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Attention! The Elderly May Be Listening

The following story may remind readers that the aging body can often be accompanied by a surprisingly clear mind — and human dignity as well.

In this story, an elderly man of great wealth suffered from some of the physical effects of aging, and in particular, from hearing loss.

He sat in the family room much of the time, eyes usually cast down, while his household buzzed with the comings and goings of two succeeding generations. He took little part in the conversations, largely because family members seldom made the effort to include him.

One day he learned about a hearing specialist in a nearby city who had developed a simple procedure to greatly improve the hearing of his elderly patients.

The wealthy man made an appointment and had the procedure done.

He returned to his home to resume his position in the family room — eyes still cast down and sitting in silence amidst the sea of chatter that washed back and forth constantly.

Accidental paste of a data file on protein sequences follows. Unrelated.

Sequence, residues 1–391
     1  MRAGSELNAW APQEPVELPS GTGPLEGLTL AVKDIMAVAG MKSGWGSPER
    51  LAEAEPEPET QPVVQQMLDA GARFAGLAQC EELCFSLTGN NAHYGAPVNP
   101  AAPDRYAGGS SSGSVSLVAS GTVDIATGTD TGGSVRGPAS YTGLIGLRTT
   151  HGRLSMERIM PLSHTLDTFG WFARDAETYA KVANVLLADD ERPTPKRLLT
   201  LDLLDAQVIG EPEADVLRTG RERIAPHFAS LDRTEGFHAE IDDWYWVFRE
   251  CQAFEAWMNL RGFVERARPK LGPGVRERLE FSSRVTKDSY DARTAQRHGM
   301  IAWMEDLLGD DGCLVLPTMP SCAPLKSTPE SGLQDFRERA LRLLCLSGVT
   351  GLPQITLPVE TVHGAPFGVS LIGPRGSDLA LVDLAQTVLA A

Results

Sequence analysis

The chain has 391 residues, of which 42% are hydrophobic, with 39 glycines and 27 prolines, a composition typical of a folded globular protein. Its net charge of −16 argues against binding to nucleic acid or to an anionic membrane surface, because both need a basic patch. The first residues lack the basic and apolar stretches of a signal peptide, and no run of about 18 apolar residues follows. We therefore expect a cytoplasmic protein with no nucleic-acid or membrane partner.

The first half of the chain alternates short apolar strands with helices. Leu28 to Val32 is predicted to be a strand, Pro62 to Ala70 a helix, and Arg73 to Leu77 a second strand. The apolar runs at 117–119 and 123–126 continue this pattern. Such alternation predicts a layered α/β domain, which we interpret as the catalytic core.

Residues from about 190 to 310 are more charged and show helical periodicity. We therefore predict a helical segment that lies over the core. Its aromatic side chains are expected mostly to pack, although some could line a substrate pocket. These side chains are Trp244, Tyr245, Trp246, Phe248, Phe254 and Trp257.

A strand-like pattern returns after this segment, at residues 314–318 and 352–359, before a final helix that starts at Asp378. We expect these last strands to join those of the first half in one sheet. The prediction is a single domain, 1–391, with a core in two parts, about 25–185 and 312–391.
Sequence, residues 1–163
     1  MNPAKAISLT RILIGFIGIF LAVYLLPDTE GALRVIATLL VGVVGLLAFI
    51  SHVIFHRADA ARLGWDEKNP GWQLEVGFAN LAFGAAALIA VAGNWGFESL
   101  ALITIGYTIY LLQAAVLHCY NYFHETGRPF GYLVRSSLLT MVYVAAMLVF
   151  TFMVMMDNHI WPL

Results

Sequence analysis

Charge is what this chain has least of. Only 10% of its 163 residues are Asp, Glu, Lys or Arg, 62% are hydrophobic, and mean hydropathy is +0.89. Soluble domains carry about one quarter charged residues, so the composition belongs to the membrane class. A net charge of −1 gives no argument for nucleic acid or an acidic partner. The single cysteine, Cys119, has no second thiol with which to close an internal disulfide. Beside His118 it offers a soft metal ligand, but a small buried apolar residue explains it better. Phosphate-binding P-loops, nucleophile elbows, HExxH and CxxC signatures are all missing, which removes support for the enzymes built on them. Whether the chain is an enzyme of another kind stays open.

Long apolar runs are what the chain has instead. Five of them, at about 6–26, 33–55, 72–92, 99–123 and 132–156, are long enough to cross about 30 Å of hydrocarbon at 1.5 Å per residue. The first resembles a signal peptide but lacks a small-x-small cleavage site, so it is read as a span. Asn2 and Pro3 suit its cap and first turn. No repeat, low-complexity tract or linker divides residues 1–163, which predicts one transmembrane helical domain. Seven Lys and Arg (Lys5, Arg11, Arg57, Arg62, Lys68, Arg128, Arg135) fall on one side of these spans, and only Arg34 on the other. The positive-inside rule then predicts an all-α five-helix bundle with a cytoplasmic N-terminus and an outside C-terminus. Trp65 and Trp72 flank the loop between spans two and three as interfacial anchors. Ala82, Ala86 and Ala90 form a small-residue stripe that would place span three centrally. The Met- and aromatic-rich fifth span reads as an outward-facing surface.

When he returned to the physician’s clinic six weeks later he was asked if his hearing had improved. He replied, “It certainly has, and I’ve changed my will three times.”

For ancient Israel, respect for the elderly was a holiness issue. It is addressed in the holiness code found in Leviticus 19 along with the sins of defrauding a neighbor and spreading slander.

Late in that chapter we learn that where the elderly are involved, the Lord is watching. Leviticus 19:32 says, “Rise in the presence of the aged, show respect for the elderly and revere your God; I am Jehovah.”

For Christians both young and old, this admonition doesn’t necessarily mean that we literally stand as in days of old. It does instruct us, however, to respect in appropriate ways those who are elderly and frail, because the Lord God is observing the degree of our respect.

And people around us are, too. Taking the extra effort to respect and include the elderly will bring grace to relationships and a powerful witness to society at large of God’s work in our lives.

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Photo credit: Ilmicrofono Oggiono (via flickr.com)